He says on his blog, “… this demonstration was very effective, and caught the smug Phil and others completely flat-footed …” (I wonder if he was not happy that Phil questioned his uniformitarian claims.)
Prothero took the team to spectacular Horse Shoe Bend. He argued that the receding waters of Noah’s Flood would have flowed in straight lines, but since Horse Shoe Bend was a tightly curved meander, the Flood could not have carved it.
When the bucket of water was tipped out, the water mostly soaked into the sand, but the little that remained flowed in a fairly straight line before it too quickly disappeared—it did not meander.
A simulation is only useful if it represents what is being simulated. In this case it was misleading because it used an inadequate understanding of the magnitude and behaviour of the receding waters of the Flood. It also did not account for how the conditions changed as the waters reduced and as sea level dropped.
The evidence for the receding waters of Noah’s Flood flowing from the plateau can be clearly seen in the landscape (see Horse Shoe Bend, Arizona). One needs to have a wide-angled view of the topography using a tool such as Google Maps or Google Earth. The channels cut by the waters are dramatic—more than 30 km wide. The meanders including Horse Shoe Bend were cut by the greatly reduced final flows of the Flood as sea level dropped. Their course was controlled by the topography of the surface after the main flow had waned.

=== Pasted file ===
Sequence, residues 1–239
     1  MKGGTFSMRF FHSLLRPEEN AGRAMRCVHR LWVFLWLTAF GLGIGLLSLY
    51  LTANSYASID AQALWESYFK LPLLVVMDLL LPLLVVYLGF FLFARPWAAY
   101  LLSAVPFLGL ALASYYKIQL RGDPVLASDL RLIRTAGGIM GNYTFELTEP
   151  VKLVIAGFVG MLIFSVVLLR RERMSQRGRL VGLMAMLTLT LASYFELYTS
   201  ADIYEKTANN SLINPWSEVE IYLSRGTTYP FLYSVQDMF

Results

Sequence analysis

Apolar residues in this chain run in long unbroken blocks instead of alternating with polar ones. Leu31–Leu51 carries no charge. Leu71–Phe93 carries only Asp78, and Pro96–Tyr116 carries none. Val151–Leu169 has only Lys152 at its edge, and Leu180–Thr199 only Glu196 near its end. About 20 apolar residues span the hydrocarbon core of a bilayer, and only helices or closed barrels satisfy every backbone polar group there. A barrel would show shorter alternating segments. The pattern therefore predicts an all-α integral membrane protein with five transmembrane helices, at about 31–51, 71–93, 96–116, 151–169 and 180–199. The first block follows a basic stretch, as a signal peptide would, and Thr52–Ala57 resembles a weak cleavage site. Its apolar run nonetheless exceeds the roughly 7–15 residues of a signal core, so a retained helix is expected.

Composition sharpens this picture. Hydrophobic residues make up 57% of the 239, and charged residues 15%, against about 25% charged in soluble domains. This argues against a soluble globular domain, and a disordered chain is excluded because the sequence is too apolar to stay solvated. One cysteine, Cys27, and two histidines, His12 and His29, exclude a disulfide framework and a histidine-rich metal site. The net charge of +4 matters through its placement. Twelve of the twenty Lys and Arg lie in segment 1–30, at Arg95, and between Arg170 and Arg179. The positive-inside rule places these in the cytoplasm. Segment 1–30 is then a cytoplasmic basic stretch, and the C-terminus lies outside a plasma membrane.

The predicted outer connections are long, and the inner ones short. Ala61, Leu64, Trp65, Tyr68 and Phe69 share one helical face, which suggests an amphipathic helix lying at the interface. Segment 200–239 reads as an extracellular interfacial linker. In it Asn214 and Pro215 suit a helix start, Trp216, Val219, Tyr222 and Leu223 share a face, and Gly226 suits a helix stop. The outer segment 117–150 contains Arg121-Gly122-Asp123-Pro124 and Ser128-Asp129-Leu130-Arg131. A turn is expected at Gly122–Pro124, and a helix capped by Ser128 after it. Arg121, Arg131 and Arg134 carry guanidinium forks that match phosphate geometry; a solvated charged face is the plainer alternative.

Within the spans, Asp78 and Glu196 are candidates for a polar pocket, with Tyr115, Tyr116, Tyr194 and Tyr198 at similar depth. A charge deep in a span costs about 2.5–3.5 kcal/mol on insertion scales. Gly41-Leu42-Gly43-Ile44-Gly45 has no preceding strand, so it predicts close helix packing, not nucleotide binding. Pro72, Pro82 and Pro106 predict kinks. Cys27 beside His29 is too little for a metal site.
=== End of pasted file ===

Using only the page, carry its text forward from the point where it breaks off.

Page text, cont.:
Don Prothero could make a better simulation by using a surface that was not so porous. Water won’t meander on a surface that is porous when it is quickly absorbed. A simulation also needs a surface that is not so sloped, and that contains small undulations—such as sand ripples on a gently sloped exposed beach. A small flow of water across the beach, provided it did not soak in, would meander along the low parts between the sand ripples, just like the section of canyon that contains Horse Shoe Bend.
Peter Scheele has an excellent paper on the carving of Grand Canyon by receding floodwaters in which he discusses different erosion patters, including those by flowing water and those by draining water and the different sorts of canyon shapes produced.